Posed in the proper environment, follow-up questions are indispensable tools to provide a basis for cause strikes. The more cause strikes you achieve, the better use you can make of peremptory challenges to avoid undesirable jurors. Without such measures, biased jurors end up on the jury.

Skilled investigators know that closed-ended questioning (e.g., “When did you leave the bar?”) yields 85% less information than “free-format” interviews using open-ended questions (e.g., “Tell me what you did that night?”), which allow the respondent to recall and report more through free association. If given the time and space to do so without interruption, people reveal important information.

The tendency is to jump on a worrisome or interesting answer. However, better listening may provide more clues to people’s character, motives, biases, and experiences.  Reserve questions to learn specific information.

Here are some tips:

  • Establish rapport, especially with unfavorable jurors.

  • Make it easy for them to reveal why they are not good jurors for your client. It is a win-win situation: You will have a clearer basis to strike them or, if they end up on the jury, you will benefit from sharing a positive exchange with them.
     
  • Make jurors feel that it’s safe to talk. Beware of putting jurors on the spot or not protecting their privacy in open court, which makes them feel self-protective.
     
  • Leave them room to talk. “Take a beat,” a phrase borrowed from the stage, means to leave a moment’s silence after the other person answers in case they have something to add. The best information often comes out as an afterthought once a juror ponders a bit.
     
  • Don’t move on too quickly. Following a strict list of questions removes the spontaneity of “conversation” with potential jurors, suppresses their potential disclosures, and creates a deposition-like atmosphere that sends the message:  “Just tell me what I asked and nothing more.” This is counterproductive.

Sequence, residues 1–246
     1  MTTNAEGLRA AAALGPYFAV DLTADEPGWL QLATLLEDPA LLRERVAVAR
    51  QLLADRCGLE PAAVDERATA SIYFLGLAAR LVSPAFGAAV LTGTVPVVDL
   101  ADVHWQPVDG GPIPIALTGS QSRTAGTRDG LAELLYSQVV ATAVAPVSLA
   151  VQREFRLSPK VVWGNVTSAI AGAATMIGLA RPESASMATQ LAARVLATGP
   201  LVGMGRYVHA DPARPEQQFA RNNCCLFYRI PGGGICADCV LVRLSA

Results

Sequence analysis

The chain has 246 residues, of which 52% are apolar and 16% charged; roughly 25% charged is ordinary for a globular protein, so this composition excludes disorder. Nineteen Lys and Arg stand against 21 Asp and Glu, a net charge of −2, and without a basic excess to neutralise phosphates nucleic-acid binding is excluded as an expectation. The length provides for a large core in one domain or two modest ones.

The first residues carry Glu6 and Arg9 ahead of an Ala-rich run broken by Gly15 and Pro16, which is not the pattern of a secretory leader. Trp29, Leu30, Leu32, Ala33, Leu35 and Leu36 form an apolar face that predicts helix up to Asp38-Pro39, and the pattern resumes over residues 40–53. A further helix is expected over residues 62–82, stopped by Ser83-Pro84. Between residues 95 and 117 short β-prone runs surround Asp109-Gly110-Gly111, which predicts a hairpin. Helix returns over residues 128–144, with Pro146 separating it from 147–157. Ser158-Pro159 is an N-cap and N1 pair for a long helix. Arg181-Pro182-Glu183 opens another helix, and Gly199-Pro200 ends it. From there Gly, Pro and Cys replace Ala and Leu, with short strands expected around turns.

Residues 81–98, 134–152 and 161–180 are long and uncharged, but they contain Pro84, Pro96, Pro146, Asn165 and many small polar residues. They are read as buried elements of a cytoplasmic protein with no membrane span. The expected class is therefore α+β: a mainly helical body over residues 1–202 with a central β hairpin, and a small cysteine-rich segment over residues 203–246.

• Reserve scripted questions to learn critical, specific information.

Whether due to a hidden agenda to remain on the jury or out of discomfort in revealing it, some jurors attempt to conceal bias. Stealth enemies are critical to ferret out.

  • Invite and cajole the jurors. Make it acceptable for them to expose their bias.
     
  • To hone your skills at getting at the truth, read about investigative techniques to detecting lies and deceit.

It takes two people to learn the truth: one to tell it and one to listen and make it safe for them to tell it. Inquiring lawyers must make prospective jurors feel safe to reveal the truth.

 

This is the first in a series of five posts on jury selection and trial consultants. Other parts are linked here: Part 1, Part 2, Part 3, Part 4 & Part 5.

 

Other A2L Articles related to jury selection, voir dire and jury trial practice:

 

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Trial Consulting: mock trials, Micro-Mock™, mock Markman hearings, jury consulting, shadow juries, jury selection and more; 

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Comments

"Don't Ask, Don't Know" maybe the best title I have seen all year. I love it. It sums up how to do voir dire in four little words.
Posted @ Tuesday, September 24, 2013 7:32 AM by roy black
Dear Mr. Black, 
Thank you for your kind and concise comments as well. As Shakespeare said, "Brevity is the soul of wit."
Posted @ Tuesday, September 24, 2013 7:36 AM by Dr. Laurie Kuslansky